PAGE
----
Mental Health issues. Now more than ever post Covid - 19

Mental Health Illness Introduction


According to a mental health snapshot released in 2020 by the Australian Institute of Health and Welfare, many studies in the past 15 years have indicated similar results.


46% of people aged between 16 and 85 had experienced a mental health disorder in their lifetime

20% reported they had a mental health issue in the previous 12 months

Anxiety, mood disorders (such as depression) and substance use disorders are the most common mental illnesses experienced by Australian adults.


Anecdotally, as a Paramedic, in the area of Sydney in which I work, approximately 30% of my calls have a mental health component.


At a recent event I attended in Ho Chi Minh City a similar figure of 30% was put forward by one expert speaker and, as experienced in Australia, this figure rose dramatically during the Covid 19 pandemic period.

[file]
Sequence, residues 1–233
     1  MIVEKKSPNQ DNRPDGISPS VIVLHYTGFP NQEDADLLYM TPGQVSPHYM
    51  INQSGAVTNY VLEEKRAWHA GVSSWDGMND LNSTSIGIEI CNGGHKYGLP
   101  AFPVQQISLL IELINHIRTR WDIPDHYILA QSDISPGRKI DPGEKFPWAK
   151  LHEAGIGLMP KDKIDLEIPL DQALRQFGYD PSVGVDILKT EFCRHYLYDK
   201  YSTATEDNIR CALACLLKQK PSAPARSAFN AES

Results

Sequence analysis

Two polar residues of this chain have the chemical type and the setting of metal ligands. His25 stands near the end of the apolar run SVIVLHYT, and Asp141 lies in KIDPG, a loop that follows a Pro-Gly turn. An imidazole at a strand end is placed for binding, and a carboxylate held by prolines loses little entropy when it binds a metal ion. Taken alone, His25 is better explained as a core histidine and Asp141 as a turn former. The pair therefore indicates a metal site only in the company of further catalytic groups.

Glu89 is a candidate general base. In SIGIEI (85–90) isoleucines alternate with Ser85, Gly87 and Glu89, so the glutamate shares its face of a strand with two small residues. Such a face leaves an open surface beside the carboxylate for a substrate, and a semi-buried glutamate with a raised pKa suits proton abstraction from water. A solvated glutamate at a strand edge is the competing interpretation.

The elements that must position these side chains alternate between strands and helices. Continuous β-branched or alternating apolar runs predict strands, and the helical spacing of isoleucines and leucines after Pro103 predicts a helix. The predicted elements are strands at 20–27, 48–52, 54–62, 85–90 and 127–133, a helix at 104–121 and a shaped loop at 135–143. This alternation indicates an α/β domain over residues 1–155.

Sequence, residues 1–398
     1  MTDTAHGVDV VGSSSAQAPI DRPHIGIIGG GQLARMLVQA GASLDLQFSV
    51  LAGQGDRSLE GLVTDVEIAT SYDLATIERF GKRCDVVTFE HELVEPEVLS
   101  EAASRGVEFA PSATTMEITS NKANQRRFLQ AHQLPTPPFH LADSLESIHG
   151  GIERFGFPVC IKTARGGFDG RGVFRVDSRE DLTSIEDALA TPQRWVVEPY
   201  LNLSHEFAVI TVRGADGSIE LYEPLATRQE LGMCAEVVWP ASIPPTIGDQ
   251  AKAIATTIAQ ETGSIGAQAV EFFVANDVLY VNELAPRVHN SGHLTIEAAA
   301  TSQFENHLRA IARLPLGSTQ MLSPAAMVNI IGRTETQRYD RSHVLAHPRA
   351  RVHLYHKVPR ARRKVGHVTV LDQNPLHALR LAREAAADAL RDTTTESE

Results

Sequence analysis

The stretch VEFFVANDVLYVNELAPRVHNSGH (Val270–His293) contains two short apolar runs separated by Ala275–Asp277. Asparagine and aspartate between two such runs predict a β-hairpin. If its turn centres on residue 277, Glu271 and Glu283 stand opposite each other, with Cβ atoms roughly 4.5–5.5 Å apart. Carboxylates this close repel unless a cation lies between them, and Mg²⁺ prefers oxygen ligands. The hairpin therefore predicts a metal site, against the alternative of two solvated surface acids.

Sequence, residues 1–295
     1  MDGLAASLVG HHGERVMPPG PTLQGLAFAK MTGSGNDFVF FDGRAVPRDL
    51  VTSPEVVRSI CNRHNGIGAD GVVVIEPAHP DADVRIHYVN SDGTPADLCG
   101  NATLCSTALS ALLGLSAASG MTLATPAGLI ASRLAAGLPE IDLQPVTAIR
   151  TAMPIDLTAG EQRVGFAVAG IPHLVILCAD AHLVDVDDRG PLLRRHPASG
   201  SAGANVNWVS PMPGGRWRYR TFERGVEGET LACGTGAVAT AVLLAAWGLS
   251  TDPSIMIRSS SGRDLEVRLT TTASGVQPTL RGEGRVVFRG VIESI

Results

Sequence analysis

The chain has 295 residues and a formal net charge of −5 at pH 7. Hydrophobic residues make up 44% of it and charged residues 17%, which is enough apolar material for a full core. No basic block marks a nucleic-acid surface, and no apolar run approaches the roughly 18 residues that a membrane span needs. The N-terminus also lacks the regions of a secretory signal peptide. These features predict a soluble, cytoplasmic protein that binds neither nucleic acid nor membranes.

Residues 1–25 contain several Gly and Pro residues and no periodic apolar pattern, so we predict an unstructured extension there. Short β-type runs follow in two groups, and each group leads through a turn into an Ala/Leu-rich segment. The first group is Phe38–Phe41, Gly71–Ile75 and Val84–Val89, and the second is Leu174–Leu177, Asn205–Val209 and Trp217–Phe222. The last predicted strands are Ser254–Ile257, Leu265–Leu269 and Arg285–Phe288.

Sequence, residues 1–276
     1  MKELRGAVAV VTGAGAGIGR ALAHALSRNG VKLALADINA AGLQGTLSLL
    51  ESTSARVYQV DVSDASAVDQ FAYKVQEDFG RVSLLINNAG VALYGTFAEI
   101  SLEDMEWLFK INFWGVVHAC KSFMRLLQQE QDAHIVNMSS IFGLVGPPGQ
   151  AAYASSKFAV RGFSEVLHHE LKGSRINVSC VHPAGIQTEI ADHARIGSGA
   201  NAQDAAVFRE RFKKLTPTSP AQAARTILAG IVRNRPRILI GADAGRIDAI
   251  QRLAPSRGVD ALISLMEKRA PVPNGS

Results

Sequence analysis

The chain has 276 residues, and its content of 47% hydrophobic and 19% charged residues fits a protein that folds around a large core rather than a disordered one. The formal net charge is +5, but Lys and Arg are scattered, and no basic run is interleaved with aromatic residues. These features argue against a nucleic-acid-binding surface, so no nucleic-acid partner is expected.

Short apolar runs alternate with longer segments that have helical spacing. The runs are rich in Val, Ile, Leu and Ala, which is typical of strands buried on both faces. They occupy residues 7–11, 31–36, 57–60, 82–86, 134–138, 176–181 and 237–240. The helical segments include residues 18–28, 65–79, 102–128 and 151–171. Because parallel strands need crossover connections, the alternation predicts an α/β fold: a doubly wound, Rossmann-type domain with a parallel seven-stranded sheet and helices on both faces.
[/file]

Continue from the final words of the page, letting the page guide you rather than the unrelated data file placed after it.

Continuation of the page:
People experiencing mental health issues in Australia can be referred, by their doctor, to specialists, where the can receive up to 10 one on one counselling sessions with a psychologist for free.

The number of free sessions was doubled to 20 due to the effects of Covid measures.


For many people who are not affected by mental health illness, either personally or witnessing a family member living with it, the illness does not appear much of a problem, partly because it is often hidden by the sufferer, and partly because it is not a visible physical deformity.


Mental health illness is very real and very debilitating.

It is an illness like any other illness that may be able to be managed, or perhaps, cured.


Often the sufferer is unaware that they have it because, to them, this is their “normal”

Often the sufferer will not seek help, if they do realise they have a problem, because they cannot see a solution.

Often the sufferer will not seek help because they fear the stigma of having a mental health illness.


I believe it is vital that people have some understanding about mental health illness so they might recognise it in themselves or, more likely, recognise it in a loved one, and support them, because they do need your support, just as they would if they had a physical injury.


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